Mr. Peter Shore (Bethnal Green and Stepney): Now that we have a minority Government, does not the Chancellor think that it is rather premature to bring forward new proposals this Thursday? Would not he be better advised to give himself more time to consult not only Opposition parties, but within his own party before he presents further proposals?
Mr. Clarke: I see no alternative Government--nothing resembling an alternative Government-- before me. I see no political party ready for office which could be responsible for this country's economic affairs. I have heard the Labour party's propositions: the windfalls, the loopholes, the zero rating of funfairs, and the restoration of the tax on champagne. They are preposterous. Of course, better suggestions will be considered if the Opposition can think of any between now and Thursday.
Mr. Alex Salmond (Banff and Buchan): Has the Chancellor had time to reflect upon the wisdom of the petulance which led him to defend an indefensible tax increase to the last ditch? If that was a marginal part of the Government's programme, should not the Chancellor consider his own position in leading his party to such
Column 283humiliation? If it was a central part of the Government's programme, should not the entire Government face the people in a general election?
Mr. Clarke: Because of the compensation I announced-- and actually would have improved during the debate-- pensioners were one group in this country who would not have borne the full weight of the proposal. Indeed, about one fifth of pensioners would have received more compensation than the VAT they would have been likely to pay. The principal beneficiaries of this evening's vote will be people living in large houses with large central heating bills.
Mr. Duncan Smith: Does not my right hon. and learned Friend agree that when he brings forward his package on Thursday he should consider the fact that we are determined to bring down public expenditure, while the Opposition spokesman, the hon. Member for Copeland (Dr Cunningham), said that public expenditure was too high, and other Opposition Back Benchers said that taxation is not high enough? Does the Chancellor agree that that shows the Labour party's absolute hypocrisy in this area?
Mr. Clarke: My hon. Friend is quite right: the hon. Member for Copeland (Dr. Cunningham) made the extraordinary statement that, in his opinion, public expenditure was too high. He said-- he repeats it now-- that public expenditure on social security was too high, which I think bodes ill for old-age pensioners. He then went through the Division Lobby with his hon. Friends and voted against every public expenditure reduction that we had proposed. As I said a moment ago, the Labour party's position is preposterous--and other adjectives leap to mind quite easily.
Mr. D. N. Campbell-Savours (Workington): In so far as Ministers were predicting a substantial increase in interest rates in the event that they lost the Division, is that still their view or were they just threatening Back Benchers in an irresponsible way?
Mr. Clarke: If there is one thing dafter than asking the Chancellor of the Exchequer questions about possible tax movements two days before he announces them, it is asking him about likely movements in interest rates. There is scarcely a Labour Member who would be capable of running a whelk stall, let alone the Exchequer. Several hon. Members rose --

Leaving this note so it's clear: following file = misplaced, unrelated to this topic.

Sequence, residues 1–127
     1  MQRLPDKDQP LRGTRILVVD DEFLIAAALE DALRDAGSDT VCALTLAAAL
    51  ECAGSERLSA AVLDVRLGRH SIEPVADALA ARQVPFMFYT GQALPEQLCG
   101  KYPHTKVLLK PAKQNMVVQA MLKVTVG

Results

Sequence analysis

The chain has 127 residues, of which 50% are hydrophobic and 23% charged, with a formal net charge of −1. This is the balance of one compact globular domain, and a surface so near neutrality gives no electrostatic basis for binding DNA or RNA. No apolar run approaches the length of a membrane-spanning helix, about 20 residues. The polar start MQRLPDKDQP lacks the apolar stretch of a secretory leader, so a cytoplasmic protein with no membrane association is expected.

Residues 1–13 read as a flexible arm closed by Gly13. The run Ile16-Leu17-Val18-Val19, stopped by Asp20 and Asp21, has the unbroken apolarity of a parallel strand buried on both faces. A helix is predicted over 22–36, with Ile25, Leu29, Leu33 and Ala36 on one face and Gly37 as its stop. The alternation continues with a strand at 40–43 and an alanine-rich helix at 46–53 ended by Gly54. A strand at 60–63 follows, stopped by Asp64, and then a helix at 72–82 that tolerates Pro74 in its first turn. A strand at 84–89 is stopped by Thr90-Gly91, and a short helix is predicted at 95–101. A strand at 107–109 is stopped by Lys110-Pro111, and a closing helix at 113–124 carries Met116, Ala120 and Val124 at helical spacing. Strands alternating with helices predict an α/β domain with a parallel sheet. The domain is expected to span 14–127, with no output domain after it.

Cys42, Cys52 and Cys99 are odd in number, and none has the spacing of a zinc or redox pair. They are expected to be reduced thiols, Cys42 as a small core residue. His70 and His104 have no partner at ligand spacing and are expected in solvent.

Ms Judith Church (Dagenham): I wish to present a petition from Mrs. Helen Descombes of 129 Ballards Road, Dagenham, signed by 36 constituents, against the use of overseas aid funds for the Chinese population control programme.
Wherefore your petitioners pray that your Honourable House will ensure that no further funds from the Overseas Aid budget are disbursed to the United Nations Population Fund and the
Column 284International Planned Parenthood Federation whilst these organisations support, encourage or act as apologists for the Chinese Population Control Programme.
To lie upon the Table .
Mrs. Audrey Wise (Preston): I rise to present a petition from the constituents of Preston. There are 3,084 signatures attached to it, led by the mayor and mayoress of Preston, the leader of the council and the town clerk.
The petition declares that Imtiaz Begum should not be deported from the United Kingdom. She is a young woman who, because of head injuries sustained in an accident, cannot walk unaided or care for herself. She is being cared for in Preston by her brother, his wife and her parents, all of whom are British citizens. Her brother bears all the costs. She has no relatives in Pakistan who could care for her and so a deportation order would be a death sentence.
The petitioners therefore respectfully request the House of Commons to call upon the Home Secretary to revoke the deportation order.
To lie upon the Table .
Motion made, and Question proposed, That this House do now adjourn.-- [Mr. Andrew Mitchell.]
Mr. Graham Allen (Nottingham, North): It was something of a surprise to draw this Adjournment debate, which I put in for some 18 months ago, as the spokesperson on democracy. It was recycled and finally pulled out of the hat last week.
One reason why I put in for the debate was that the House of Commons very rarely talks about matters to do with democracy and the way in which we govern ourselves. I thought that it would be useful to give the House the opportunity to discuss and debate an important question on part of our democracy, which is the system that we use to elect not just this House but our other institutions.
I was delighted over the weekend to note that there is a growing view that our democracy needs to be talked about, looked at and, perhaps, reviewed. For some time, Labour has had a wide-ranging package of measures on how to improve our democracy. I was pleased over the weekend to read the words:
"Labour's democratic agenda is the most extensive package of constitutional reform ever proposed by a British Government." Those were not the words of my right hon. Friend the Leader of the Opposition; they were not a quotation from our former leader, the late and greatly lamented John Smith, the former right hon. and learned Member for Monklands, East, but the words of the Prime Minister. It appears that there is a consensus that Labour has the most radical package of constitutional reform, even if there is no agreement that it should be implemented.